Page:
Wednesday, 18 February 2009

Justice Department's Torture Inquiry

Written by  Thomas R. Eddlem


Attorney General Eric Holder’s office has nearly completed a report that excoriates the three senior Bush administration officials who gave a pseudo-legal imprimatur to torture detainees, according to the New York Times for February 17. The Justice Department inquiry focuses upon three former Bush-era lawyers: Berkeley Law School Professor John Yoo, Judge Jay S. Bybee of the U.S. Ninth District Appellate Court, and Steven G. Bradbury.

Yoo was the primary author of a 2002 memorandum that was issued under Bybee’s name. That memorandum served as the primary justification for brutal torture techniques, including waterboarding. The memorandum stated that none of the detainees was subject to the Geneva Conventions and that government officials were exempt from the federal torture statute if they kept the pain level below that of “organ failure or death.” Strangely, the memorandum apparently gave the green light to waterboarding, even though that form of torture is actual drowning that simulates death where the victim is revived at the very last moments before brain damage ensues.

The Yoo/Bybee memorandum was withdrawn in 2004 and replaced by several still-classified memoranda written by Bradbury. The New York Times reported that the report will be authored by the head of  the Justice Department's Office for Professional Responsibility (OPR), H. Marshall Jarrett, and all that remains is to receive the Bush officials’ replies for inclusion in the report.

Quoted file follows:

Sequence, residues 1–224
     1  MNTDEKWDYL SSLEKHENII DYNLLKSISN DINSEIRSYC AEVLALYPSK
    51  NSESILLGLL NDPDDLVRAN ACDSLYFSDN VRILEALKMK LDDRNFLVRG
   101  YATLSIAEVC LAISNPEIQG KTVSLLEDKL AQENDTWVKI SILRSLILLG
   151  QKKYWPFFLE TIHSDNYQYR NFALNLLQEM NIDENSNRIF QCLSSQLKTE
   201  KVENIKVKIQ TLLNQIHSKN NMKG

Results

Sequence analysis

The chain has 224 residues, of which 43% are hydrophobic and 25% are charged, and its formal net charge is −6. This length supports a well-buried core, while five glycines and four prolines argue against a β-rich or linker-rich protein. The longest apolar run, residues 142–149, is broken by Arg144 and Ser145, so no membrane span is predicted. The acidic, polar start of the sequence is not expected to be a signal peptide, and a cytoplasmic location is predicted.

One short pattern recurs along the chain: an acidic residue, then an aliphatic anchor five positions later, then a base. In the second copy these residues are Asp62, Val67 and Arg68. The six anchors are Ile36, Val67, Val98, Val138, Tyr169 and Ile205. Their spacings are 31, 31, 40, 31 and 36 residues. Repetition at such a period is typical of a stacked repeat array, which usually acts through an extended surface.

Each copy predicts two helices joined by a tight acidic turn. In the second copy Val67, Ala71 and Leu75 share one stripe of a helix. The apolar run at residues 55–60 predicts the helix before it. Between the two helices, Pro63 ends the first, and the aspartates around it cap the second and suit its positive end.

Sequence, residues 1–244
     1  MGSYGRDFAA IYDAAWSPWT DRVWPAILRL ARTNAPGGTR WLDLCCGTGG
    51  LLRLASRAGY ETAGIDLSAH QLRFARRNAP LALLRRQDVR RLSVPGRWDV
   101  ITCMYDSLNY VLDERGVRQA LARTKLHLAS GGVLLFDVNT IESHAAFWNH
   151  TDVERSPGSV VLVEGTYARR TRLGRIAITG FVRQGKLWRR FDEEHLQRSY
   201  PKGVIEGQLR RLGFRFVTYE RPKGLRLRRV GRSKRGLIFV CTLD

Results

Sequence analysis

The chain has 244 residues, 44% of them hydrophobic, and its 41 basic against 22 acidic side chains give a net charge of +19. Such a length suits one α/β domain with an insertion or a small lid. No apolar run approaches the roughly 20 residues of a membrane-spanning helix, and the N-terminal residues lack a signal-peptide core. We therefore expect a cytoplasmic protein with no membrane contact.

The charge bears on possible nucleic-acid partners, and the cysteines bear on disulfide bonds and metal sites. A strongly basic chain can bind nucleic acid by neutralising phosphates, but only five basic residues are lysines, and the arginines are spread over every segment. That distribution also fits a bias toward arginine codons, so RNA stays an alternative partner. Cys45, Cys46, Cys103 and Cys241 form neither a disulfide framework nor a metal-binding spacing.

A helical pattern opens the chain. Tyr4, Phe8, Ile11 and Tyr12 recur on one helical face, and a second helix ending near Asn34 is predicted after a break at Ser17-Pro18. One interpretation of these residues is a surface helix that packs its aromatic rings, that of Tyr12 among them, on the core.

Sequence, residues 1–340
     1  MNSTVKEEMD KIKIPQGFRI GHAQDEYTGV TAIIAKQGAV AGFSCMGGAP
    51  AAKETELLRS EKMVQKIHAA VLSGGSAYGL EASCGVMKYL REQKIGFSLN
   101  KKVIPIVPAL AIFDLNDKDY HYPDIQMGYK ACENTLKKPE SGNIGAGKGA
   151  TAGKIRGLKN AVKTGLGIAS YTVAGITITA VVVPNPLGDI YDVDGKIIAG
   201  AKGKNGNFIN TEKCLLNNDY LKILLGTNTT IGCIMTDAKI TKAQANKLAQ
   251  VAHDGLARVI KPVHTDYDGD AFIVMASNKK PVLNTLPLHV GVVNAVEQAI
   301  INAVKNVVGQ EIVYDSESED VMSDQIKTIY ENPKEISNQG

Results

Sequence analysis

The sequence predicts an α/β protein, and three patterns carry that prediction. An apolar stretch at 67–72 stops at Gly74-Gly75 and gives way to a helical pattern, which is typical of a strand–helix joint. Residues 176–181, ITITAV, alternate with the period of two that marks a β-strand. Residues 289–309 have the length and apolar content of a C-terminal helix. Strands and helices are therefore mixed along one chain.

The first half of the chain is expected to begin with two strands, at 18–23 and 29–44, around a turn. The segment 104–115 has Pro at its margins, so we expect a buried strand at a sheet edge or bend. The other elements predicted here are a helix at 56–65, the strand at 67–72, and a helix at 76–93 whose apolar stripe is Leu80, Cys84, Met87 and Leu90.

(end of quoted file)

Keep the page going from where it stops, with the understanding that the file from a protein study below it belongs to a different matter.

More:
Senators Dick Durbin (D-Ill.) and Sheldon Whitehouse (D-R.I.) asked the OPR to keep them updated on the report, and to release an unclassified version of it to the public.

News of the Justice Department inquiry comes as a large body of information has been made public about the extent of the torture that took place at Guantanamo and other places. The testimony comes not just from the accusations of released detainees, but from U.S. soldiers who have decided to speak out and declassified Defense Department documents.

A true test of the Obama administration is whether the report begins a coverup of the Bush-era crimes, or if prosecution for felony torture is initiated as a result of the report.

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